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Lima, London - 1 Michelin star

Rating: 90.
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Ají limo pepper, Algarrobo tree syrup, Cancha corn, Chia seeds, Paiche, Tiger's milk, Kiwicha, Maca; these are just few characteristic Peruvian ingredients. Most of us are unaccustomed with these ingredients - at least I am. Authentic Peruvian restaurants used to be hard to come by in Europe, but things are changing rapidly and London is leading the way. Last year at least three Peruvian restaurants opened in London (Ceviche, Tierra Peru and Lima) and 2012 also saw the opening of a number of fusion restaurants that have Peruvian-style dishes on their menus, such as SushiSamba and Coya.

Lima is the first London restaurant of renowned Latin American chef Virgilio Martinez, who's flagship restaurant Central Restaurante in Lima, Peru, is currently at number 50 in The World's 50 Best Restaurants and at number 4 in Latin America's 50 Best Restaurants.

The restaurant opened in July 2012 and chef Robert Ortiz is at the helm of the kitchen. In September 2013 Lima became the first Peruvian restaurant in Europe to be awarded a Michelin star. Virgilio Martinez will be opening a second restaurant in London together with acclaimed Peruvian chef Gaston Acurio early next year. Martinez used to be head chef at Acurio's "Astrid y Gaston" in Peru. There are also plans to open a second branch of Lima in London.

Lima is open for lunch and dinner Monday till Saturday. The restaurant offers an a la carte menu with dishes that are perfect for sharing. There's a set lunch/pre-theatre menu (2 courses £20, 3 courses £23) and there's a dinner-only 5-course 'Lima Hoy' tasting menu for £48. I had lunch at Lima with my husband on 12 October 2013 and we ordered three starters, two mains and two desserts.

To start there was chia seed bread with a yoghurt and maca (a root vegetable) dip and annatto (food colouring, extracted from annatto seeds) oil with a dark algarrobo syrup at the bottom, the latter having an elegant sweetness.

Our three starters arrived shortly after. First Octopus Olivo - tender braised and then fried octopus served on top of some creamy, organic white quinoa that had a hint of citrus and delivered a lovely, unctuous mouthfeel. Also on the plate were dots of mildly bitter, purple olive mayonnaise made with Botija olive. This was followed by Sea bream ceviche - slices of marinated sea bream served with tiger's milk, being a blend of the ceviche marinade, Ají limo pepper (a yellow chilli pepper) and the sea bream juices. The tiger's milk was (in a good way) very powerful and sharp and certainly did not overpower the sea bream. The dish was garnished with some lovely crunchy cancha corn and some crispy fried red onions.

The third starter was Duck Crudo - a colourful plate with succulent duck, a light beetroot cream, a delicious lemon mayonnaise and some creamy Queso Fresco (fresh cheese). The duck was covered with a very flavoursome Algarrobo tree syrup, that had a wonderful sweetness to it and a nice and nutty, coffee-like aftertaste. Lovely elegant sweetness from beetroot cream and the lemon mayonnaise and Queso Fresco delivered a nice touch of freshness.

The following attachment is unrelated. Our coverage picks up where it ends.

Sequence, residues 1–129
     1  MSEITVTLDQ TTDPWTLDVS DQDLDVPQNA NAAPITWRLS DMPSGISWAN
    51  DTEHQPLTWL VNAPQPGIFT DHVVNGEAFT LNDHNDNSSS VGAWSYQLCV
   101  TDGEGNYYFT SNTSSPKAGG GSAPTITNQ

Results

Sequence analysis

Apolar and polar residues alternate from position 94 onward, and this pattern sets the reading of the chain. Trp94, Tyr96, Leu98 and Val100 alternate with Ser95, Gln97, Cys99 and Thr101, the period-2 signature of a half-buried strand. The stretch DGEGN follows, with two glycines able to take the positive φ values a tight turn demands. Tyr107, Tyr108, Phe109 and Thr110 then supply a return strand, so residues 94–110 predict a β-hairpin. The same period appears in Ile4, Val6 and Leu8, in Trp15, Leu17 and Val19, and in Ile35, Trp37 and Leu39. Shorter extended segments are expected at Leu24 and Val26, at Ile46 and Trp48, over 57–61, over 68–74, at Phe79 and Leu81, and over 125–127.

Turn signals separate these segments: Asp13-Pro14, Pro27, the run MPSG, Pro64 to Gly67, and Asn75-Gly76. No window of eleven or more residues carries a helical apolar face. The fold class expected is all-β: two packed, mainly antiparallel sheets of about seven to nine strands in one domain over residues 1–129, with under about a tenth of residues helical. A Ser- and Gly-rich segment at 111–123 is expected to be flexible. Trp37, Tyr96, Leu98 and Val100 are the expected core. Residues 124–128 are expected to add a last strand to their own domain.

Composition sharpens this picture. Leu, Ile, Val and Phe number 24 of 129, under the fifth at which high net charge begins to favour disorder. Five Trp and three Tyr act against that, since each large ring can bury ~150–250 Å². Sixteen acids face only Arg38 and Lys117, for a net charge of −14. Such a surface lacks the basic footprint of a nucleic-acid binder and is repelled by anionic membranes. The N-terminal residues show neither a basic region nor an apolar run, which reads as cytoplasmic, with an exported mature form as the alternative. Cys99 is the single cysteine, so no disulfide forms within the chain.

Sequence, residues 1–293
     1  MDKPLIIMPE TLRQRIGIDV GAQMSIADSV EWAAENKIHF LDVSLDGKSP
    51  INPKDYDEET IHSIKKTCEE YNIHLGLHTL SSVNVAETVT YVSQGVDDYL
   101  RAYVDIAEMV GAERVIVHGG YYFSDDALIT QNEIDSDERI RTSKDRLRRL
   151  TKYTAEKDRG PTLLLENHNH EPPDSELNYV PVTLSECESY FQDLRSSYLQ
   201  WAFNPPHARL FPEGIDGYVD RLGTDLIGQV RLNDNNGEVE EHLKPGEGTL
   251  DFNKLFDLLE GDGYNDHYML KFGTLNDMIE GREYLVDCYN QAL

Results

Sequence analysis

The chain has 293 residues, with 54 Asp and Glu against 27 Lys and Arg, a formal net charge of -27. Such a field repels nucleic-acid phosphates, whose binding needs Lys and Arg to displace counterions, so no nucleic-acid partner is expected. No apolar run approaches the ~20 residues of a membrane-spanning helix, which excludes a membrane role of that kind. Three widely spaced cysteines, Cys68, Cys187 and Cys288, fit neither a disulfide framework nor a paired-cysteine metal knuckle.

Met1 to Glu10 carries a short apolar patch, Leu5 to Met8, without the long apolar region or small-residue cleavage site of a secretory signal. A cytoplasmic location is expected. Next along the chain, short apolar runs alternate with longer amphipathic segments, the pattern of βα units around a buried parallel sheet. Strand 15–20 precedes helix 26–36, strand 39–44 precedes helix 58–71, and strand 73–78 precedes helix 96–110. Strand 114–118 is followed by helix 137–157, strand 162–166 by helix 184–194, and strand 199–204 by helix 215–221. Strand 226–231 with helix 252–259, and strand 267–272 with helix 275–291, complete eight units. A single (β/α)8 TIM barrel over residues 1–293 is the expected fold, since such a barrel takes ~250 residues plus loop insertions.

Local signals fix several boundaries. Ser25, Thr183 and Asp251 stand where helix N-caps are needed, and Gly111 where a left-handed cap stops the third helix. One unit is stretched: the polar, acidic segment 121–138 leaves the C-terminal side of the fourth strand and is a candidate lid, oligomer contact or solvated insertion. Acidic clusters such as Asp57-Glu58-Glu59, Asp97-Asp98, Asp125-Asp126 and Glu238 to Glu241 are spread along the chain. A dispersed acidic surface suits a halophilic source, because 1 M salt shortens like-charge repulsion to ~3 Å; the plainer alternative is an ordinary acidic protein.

Three fabulous starters with powerful and vibrant flavours, all well-balanced.

Both main courses came highly recommended by the staff. First there was a dish called "Amazon fish paiche" - three pieces of well-cooked tender paiche (freshwater fish from the Amazon river), complemented by a delicious sauce of seaweed butter, annatto, Porcelana cocoa powder and white Kiwicha (amaranth). Loved the buttery richness of the sauce and the wonderful, bitter-sweet flavours from the cocoa powder, great depth too. Lovely 'bite'  from the Kiwicha that resembled fish roe in a way.

The other main was Beef "pachamanca". Three pieces of succulent beef, cooked "pachamanca", a traditional Peruvian underground cooking method; "pacha" meaning earth and "manca" means pot. With the beef came four generous dollops of smooth potato puree, topped with crunchy wild black quinoa, Huacatay herb (Peruvian black mint) and some fresh cheese. The potatoes had been cooked with Ají Panca chillies, resulting in a bright yellow colour and subtle heat, especially in the aftertaste.

Time for dessert. To start there was a lovely creamy Kiwicha and sheep's milk dish, a bit like a rice pudding but then made with Kiwicha. In the pudding were three pieces of dense chocolate cake. A very elegant dessert, not too sweet or too creamy and the drizzle of Arbequina olive oil delivered a nice and fresh touch.
The second dessert was Dulce de leche ice cream, placed on top of a mixture of cookie and maca root crumbs, with a light beetroot emulsion underneath. A delightful combination of flavours that really complemented each other.

I truly enjoyed my visit to Lima. This was my first encounter with authentic Peruvian food so I cannot claim to be an expert. As you will gather from the above, the ingredients and basic flavours used to construct the dishes are quite different from European cuisine and, by consequence, so is the flavour profile of the dishes. For my palate, the flavours are bang-on however, vibrant and energetic; flavours that envelope you. The Holy Trinity seems to be Quinoa, Kiwicha and Ají chillies. The dishes have all the bright colours you associate with Peru and are pleasing to the eye. Service was very attentive, knowledgeable and patient - I had 99 questions! I am very glad that I had the opportunity to enjoy Lima's distinctive and well-cooked food in the relaxed atmosphere of this low-key restaurant. If you haven't visited Lima in London already, make it your first stop in 2014.

Posted 03-12-2013


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